Lyon & Healy was established in Chicago by George W. Lyon and Patrick J. Healy in 1864. The firm began as a large retailer of sheet music, musical instruments and related merchandise. Early history of the firm is vague as most of the company records were destroyed in the Great Chicago Fire of 1871. Lyon & Healy began manufacturing their own pianos and organs in about 1876. Although the partnership of Lyon & Healy began in 1864, some pianos were sold under the name of “George W. Lyon” during this period. In 1878, the firm patented their “Cottage Upright”, a small boudoir-size upright piano that enjoyed great success. In addition to their “Cottage Upright”, the firm originally built a limited number of square pianos, ultimately increasing upright piano production as the 19th Century grew to a close.
Lyon & Healy began building harps in 1889 and quickly became the most successful builder of concert harps in the world. Harps by Lyon & Healy were known to be durable and stable in harsh climates, unlike the more delicate harps built in European countries. The Lyon & Healy name went on to become synonamous with the finest concert harps ever built.
By the early 20th Century, Lyon & Healy was building a complete line of upright pianos, player pianos, and grand pianos. The firm also produced pianos under the “Washburn” brand name as an affordable alternative to the costlier Lyon & Healy brand name. Lyon & Healy also built a full line of musical instruments including brass & woodwind. The firm also built several lines of pipe organs for both church and home use. The firm continued to grow and expand and ultimately became the largest sheet music distributor in the world by 1930.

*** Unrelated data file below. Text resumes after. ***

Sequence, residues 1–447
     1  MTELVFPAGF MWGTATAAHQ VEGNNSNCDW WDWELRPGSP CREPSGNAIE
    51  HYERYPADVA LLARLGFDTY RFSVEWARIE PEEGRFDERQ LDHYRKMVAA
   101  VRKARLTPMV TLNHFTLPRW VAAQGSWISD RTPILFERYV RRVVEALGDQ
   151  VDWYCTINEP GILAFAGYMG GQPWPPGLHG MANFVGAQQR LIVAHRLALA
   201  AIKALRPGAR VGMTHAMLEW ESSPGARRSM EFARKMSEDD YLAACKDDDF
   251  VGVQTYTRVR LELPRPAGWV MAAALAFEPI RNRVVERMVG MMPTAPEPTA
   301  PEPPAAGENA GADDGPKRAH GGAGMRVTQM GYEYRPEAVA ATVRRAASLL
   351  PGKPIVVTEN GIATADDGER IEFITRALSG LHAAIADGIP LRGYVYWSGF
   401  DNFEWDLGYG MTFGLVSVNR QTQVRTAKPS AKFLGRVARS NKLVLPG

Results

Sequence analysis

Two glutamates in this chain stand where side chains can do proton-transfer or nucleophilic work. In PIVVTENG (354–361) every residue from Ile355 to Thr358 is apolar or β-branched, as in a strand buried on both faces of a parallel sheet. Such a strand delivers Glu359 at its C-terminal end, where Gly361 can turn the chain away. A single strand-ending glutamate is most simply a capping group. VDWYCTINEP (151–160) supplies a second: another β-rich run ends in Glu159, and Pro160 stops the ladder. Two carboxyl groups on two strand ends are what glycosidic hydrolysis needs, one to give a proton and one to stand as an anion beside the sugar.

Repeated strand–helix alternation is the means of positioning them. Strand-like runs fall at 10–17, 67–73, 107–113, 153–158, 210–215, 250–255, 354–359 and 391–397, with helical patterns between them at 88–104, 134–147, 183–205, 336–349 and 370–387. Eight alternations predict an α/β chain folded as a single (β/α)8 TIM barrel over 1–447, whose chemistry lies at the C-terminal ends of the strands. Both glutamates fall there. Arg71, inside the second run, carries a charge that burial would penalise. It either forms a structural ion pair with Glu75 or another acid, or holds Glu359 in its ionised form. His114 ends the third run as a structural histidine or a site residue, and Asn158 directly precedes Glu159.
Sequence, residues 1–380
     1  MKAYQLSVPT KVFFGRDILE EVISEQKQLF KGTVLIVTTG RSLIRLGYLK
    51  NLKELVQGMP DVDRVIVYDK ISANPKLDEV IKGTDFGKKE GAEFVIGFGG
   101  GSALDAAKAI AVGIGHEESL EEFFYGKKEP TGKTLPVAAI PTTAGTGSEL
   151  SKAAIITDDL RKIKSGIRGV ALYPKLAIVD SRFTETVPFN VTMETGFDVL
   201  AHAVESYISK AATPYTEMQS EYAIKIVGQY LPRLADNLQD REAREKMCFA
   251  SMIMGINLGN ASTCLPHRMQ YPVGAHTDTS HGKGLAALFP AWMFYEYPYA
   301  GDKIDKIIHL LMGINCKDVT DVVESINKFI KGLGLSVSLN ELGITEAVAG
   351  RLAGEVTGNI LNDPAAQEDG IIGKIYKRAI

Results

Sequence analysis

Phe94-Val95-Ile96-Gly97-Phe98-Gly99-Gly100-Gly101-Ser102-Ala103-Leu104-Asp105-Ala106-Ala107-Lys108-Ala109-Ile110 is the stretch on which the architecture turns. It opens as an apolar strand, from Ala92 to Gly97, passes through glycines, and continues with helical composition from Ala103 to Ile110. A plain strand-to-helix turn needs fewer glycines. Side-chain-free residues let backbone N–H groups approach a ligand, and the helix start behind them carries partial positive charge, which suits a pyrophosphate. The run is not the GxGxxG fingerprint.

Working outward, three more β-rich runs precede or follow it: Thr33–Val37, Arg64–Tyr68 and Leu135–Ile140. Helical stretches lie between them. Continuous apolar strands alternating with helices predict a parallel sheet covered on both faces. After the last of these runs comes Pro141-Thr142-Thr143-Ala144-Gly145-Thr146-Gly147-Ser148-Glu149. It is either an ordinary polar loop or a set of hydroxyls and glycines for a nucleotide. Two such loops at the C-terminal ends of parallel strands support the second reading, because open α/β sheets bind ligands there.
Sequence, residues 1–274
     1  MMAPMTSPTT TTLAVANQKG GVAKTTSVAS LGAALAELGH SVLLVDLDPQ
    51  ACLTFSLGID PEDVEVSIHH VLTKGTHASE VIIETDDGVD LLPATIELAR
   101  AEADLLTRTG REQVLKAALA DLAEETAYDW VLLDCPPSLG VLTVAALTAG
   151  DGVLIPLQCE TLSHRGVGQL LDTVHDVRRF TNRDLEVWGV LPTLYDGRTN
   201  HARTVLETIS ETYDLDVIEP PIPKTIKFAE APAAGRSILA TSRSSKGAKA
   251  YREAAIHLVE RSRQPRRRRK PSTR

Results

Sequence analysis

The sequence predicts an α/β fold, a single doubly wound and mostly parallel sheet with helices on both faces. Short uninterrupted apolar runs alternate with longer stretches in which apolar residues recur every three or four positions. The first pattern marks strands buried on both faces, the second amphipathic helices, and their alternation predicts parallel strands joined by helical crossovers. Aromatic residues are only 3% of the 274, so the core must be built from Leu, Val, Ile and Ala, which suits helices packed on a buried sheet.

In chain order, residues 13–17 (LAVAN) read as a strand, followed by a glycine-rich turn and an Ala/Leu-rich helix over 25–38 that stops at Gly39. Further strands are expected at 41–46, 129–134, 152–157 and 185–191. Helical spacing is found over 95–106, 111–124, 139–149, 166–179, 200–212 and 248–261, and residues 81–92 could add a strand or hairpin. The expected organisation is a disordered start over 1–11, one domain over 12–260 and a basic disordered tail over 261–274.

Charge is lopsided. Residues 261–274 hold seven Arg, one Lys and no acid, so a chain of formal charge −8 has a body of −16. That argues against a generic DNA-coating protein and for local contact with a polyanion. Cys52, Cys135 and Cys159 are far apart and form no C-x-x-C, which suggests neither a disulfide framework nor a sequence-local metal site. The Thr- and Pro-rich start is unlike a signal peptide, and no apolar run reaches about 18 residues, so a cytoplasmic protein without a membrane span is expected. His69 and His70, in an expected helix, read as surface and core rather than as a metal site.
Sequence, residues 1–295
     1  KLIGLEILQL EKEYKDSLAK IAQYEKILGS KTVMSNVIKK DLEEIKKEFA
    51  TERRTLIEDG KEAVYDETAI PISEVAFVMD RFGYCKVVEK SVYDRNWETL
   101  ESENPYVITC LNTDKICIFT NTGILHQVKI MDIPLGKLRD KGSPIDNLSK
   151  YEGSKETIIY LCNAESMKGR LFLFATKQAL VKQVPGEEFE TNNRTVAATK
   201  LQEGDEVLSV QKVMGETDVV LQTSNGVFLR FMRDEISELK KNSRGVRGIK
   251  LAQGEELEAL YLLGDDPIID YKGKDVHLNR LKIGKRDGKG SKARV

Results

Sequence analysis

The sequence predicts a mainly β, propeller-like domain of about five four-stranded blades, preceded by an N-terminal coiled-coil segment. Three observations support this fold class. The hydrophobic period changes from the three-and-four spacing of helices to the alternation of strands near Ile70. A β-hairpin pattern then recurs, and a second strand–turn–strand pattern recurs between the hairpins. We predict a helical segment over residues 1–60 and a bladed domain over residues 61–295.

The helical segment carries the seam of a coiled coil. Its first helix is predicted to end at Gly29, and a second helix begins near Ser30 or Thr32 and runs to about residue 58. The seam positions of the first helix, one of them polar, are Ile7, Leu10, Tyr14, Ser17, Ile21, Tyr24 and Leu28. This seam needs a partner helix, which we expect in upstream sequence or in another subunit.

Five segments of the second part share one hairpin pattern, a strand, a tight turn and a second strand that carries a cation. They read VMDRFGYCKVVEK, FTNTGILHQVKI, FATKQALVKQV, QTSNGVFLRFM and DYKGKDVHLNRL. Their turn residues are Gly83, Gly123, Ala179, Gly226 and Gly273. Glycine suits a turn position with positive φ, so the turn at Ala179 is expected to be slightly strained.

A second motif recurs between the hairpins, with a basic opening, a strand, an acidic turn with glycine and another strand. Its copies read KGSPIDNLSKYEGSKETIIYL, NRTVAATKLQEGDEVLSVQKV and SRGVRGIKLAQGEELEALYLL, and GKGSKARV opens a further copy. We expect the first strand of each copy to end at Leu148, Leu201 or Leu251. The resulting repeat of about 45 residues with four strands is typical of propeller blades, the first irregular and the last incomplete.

During the Great Depression, Lyon & Healy’s piano division was absorbed into The Everett Piano Company. Everett continued to build pianos under the “Lyon & Healy” brand name until the 1970’s when Steinway & Sons (then owned by CBS) purchased all rights to the Lyon & Healy name. Steinway/CBS closed all Lyon & Healy retail stores and sold off all interests in musical instruments and sheet music distribution in order to allow the firm to concentrate on their harp manufacturing. Although their pianos were discontinued in the 1970s, Lyon & Healy harps are still being produced in Chicago today.
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